Blog posts tagged "facebook"

You and …

November 13th, 2010

Screen shot 2010-11-13 at 6.52.52 AM

The “You and X” pages are my favorite Facebook feature I’ve seen in a long time. (I’ll admit I’m a pretty limited user of “the Book” so the bar is low, though a new feature we launched adminonly yesterday on Etsy is making me think about bulking up on ‘Book friends).

Also reminded me of my favorite semi-secret feature of Flickr people tagging: the “You + X” pages.

If you visit the “/photosof/kellan” style people URLs you’ll get prompted “Anyone ever snapped a picture of the two of you?” and if you click on the link you can see pictures of the two of you. (us?) You can also hack the URL to string together a longer list of folks.

Screen shot 2010-11-13 at 7.05.19 AM

Henry Blodget: “Facebook’s Approach To Innovation Is The Secret To Its Success”

May 17th, 2010

http://www.businessinsider.com/facebook-privacy-innovation-2010-5

Blodget gets the headline right, and nearly everything else wrong.

I’m really surprised we aren’t seeing more people writing and talking about what I see as Facebook’s key competitive advantage: It’s a data driven company, which is nimble enough to act on that data.

When I look at the Facebook engineering culture I see the best parts of what we’ve done at Flickr, scaled up in a way I didn’t think was possible.

And when you look at the work the data team is doing (which you can get a sense of by the tools they throw off), you know that Facebook’s innovation is being tested, put through it’s paces, and extensively analyzed before most of us are aware of it.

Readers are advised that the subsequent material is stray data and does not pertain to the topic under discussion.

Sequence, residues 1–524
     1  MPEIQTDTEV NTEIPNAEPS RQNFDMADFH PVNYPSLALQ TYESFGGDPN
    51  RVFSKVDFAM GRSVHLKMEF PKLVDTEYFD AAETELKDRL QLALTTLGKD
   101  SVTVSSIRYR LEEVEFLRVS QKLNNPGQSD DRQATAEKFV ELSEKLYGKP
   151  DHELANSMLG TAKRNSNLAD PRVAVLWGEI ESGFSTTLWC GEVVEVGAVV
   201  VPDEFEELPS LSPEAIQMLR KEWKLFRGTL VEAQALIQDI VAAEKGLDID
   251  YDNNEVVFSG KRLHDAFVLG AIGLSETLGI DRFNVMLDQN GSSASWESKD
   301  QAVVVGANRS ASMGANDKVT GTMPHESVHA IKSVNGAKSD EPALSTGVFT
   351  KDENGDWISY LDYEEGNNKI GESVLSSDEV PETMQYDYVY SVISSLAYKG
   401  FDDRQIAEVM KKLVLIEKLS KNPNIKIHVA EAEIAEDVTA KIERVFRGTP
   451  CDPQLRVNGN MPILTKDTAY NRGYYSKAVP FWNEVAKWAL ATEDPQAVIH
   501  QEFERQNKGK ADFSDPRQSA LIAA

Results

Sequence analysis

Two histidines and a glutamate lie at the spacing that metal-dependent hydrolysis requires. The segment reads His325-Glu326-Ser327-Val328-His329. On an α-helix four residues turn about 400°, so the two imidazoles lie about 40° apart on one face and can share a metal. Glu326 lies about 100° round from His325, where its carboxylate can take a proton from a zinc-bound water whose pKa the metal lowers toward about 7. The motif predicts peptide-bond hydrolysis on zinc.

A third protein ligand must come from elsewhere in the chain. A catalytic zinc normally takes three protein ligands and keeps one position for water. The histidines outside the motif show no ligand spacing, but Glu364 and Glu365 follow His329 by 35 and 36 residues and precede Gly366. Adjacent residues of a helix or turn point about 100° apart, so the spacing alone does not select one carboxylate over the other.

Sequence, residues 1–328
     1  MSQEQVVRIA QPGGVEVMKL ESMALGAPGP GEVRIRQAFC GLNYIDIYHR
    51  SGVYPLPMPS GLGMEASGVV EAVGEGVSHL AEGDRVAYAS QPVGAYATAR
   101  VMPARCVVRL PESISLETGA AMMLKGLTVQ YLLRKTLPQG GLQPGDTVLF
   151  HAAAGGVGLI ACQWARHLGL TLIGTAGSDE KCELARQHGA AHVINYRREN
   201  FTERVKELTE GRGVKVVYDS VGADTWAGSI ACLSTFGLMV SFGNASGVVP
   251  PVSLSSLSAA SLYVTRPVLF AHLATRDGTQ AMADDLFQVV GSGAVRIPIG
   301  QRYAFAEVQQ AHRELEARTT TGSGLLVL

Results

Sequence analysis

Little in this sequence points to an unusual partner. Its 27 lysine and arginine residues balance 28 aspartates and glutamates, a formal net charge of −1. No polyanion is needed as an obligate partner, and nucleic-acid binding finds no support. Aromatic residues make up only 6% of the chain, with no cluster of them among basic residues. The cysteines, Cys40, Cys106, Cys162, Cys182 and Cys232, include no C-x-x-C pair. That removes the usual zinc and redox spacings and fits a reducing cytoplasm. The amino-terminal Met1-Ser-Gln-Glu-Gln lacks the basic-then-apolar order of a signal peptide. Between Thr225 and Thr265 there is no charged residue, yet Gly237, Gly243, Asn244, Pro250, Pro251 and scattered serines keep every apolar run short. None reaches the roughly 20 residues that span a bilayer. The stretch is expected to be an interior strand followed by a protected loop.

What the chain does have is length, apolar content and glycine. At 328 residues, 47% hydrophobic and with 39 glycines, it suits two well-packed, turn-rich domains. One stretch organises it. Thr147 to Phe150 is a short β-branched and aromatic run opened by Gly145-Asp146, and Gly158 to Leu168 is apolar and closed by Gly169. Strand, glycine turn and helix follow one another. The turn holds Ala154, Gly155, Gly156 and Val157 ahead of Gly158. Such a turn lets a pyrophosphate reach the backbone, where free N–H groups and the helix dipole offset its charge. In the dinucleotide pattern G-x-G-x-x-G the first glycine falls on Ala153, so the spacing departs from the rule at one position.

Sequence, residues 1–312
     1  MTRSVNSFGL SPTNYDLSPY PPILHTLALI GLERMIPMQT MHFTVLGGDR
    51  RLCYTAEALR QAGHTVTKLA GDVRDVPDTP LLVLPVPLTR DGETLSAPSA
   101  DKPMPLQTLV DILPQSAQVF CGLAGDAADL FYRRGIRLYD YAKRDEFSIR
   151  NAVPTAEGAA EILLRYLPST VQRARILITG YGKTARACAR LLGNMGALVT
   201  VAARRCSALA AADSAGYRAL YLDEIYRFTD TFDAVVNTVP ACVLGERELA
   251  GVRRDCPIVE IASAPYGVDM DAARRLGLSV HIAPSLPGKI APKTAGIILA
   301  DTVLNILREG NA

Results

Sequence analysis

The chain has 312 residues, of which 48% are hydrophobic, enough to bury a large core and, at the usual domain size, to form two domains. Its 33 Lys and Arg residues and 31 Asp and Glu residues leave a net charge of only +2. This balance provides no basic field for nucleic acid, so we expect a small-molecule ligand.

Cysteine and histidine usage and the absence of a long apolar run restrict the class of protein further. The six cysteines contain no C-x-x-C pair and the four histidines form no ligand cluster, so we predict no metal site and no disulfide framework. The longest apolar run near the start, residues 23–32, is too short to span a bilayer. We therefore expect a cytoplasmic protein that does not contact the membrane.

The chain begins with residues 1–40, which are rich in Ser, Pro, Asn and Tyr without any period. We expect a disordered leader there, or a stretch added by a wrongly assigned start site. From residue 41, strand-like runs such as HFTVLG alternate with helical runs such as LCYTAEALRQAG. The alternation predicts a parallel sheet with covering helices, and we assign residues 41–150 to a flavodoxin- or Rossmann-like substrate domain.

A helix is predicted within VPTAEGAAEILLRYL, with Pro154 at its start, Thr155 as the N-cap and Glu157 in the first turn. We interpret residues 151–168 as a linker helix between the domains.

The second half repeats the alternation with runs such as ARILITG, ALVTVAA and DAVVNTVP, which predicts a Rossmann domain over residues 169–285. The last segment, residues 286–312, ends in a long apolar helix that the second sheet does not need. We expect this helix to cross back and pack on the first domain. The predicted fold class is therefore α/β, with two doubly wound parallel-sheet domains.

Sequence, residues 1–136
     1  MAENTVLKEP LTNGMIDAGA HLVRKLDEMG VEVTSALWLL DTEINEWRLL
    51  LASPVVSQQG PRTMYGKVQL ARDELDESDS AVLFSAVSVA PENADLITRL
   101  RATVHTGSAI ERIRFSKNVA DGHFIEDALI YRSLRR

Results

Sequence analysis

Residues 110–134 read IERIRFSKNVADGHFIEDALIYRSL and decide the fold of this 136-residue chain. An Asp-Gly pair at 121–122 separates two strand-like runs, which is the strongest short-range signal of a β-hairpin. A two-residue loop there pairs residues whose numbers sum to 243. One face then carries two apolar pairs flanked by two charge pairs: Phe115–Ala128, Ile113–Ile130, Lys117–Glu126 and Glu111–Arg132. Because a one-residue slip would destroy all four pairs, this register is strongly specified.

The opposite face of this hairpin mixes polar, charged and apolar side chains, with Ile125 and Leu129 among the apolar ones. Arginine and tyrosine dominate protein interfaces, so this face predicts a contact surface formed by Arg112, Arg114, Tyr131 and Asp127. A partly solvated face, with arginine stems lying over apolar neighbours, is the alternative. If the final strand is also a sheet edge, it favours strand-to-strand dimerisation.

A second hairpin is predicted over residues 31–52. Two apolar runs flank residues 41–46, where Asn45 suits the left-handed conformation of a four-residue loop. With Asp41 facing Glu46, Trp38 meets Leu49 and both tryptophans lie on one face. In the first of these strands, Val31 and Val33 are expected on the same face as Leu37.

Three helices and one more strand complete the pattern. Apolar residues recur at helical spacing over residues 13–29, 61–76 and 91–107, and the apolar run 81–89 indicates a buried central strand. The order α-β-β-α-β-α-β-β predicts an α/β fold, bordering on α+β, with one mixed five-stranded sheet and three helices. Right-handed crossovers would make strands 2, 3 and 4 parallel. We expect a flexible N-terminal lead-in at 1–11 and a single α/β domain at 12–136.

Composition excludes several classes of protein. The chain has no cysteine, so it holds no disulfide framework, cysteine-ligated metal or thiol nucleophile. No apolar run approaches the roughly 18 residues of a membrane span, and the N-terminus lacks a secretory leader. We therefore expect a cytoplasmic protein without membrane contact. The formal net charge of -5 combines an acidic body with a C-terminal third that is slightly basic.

This is a unique combination.

Streams, affordances, Facebook, and rounding errors

March 18th, 2009

I’m not really a Facebook user, but it is impossible to be a serious practitioner of the rough craft of building social software without being at least somewhat a Facebook watcher. So indulge me a bit, as I add my own thoughts to the cacophony of folks writing about the Facebook re-design.

I’ve always thought their status updates design was brilliant. Not because it was usable or attractive, I’ve always thought it was terrible. But because their design didn’t make promises they couldn’t keep.

Think briefly about the platonic ideal of an activity stream, the increasingly common social pattern that makes your traditional CRUD fronted MySQL install cry at anything remotely resembling scale. All the updates from your social network, quickly listed for your viewing pleasure, in reverse date ordering. No two users of your service will share an activity stream view (unless your service tends towards 100% social graph overlap, in which case why bother?), writes are high volume and need to be committed quickly to preserve ordering, and shared caching is right out.